Course Cloud Networking and the Internet of Things

5-9 June 2017
Versione stampabile

 

Registration are open  

Course Objectives and Contents

This course takes the attendees on the exciting journey exploring a theoretical foundation and practical implications of the converged cloud/edge networking and the Internet of Things (IoT). 
We will review enabling wireless and virtualization technologies allowing everyday objects to talk to each other, using machine-to-machine communications, and to the cloud. Then the focus will be devoted to the analysis of fundamental principles of system design, resource allocation and scheduling, as well as energy efficiency. We will study security, privacy protection and mechanisms for establishing trust between all actors of the IoT eco-system.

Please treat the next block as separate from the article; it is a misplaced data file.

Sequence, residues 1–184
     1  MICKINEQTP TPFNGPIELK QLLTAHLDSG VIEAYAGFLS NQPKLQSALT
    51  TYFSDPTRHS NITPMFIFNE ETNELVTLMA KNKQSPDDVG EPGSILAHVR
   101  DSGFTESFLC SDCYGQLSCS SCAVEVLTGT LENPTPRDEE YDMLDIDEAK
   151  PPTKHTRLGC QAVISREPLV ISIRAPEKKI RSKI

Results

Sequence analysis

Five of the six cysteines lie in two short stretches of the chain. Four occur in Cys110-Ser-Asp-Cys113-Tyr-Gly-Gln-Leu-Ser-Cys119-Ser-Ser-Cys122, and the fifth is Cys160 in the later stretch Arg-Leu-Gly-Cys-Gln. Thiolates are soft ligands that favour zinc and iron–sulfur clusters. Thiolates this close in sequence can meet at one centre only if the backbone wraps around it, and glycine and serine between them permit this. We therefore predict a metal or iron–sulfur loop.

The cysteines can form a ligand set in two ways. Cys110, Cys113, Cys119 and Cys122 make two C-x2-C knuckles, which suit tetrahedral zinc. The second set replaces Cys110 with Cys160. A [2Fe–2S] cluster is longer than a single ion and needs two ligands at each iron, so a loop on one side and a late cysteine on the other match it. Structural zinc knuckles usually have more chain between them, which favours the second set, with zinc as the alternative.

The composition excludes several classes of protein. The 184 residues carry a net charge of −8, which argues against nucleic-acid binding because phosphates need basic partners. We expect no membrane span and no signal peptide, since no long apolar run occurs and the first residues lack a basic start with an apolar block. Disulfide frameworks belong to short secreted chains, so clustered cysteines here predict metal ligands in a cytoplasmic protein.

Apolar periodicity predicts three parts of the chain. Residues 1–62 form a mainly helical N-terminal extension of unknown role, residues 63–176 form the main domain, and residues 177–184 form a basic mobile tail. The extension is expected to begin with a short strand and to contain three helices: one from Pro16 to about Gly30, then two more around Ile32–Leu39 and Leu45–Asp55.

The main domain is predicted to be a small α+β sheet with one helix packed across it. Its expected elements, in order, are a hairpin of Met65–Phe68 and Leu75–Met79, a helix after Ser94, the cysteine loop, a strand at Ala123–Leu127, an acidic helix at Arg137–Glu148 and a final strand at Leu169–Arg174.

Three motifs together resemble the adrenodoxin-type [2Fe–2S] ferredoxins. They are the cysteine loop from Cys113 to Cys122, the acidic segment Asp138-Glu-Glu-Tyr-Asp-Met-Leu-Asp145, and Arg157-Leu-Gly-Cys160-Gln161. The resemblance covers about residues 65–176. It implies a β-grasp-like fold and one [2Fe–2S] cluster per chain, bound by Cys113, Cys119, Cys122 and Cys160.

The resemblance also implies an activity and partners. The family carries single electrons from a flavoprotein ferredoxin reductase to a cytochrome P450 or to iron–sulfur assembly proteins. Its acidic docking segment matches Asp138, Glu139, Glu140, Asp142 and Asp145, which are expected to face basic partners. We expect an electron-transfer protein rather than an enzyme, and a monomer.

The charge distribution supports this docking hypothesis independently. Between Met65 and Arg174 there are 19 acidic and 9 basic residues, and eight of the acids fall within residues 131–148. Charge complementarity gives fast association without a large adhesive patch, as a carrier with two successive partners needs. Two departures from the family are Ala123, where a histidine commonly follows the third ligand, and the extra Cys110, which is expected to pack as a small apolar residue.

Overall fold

In just a few years, billions of devices will produce and report data about trillions of events. This would require a communication infrastructure which provides efficient data exchange and delivery at extremely large scales and at the same time enables devices with limited computing, memory and power resources to offload some of their critical functions into the edge or the core of the network and operate seamlessly. Finally, the course will review current standardization efforts and main challenges of future cloud networking and IoT systems.

 

Course Topics

The course consists in two parts: 

Part I (by Dzmitry Kliazovich)

Jun 5, Jun 6, and Jun 7 morning 
Overview: From Cloud to IoT
Principles of Edge networking and virtualization technologies
Cloud and IoT architectures
Network Function Virtualization (NFV) and Software Defined Networking (SDN)
Energy efficiency in clouds and IoT systems
Machine-to-machine communications (M2M)
Automotive IoT and intelligent mobility
Case studies: wearables, healthcare and smart cities
 

Part II (by Pascal Bouvry)

Jun 7 afternoon, Jun 8 and Jun 9.
Big data collection, processing and analytics
Resource allocation and scheduling
High-performance computing and parallel processing
Security, privacy and trustì
Current standardization efforts
Future trends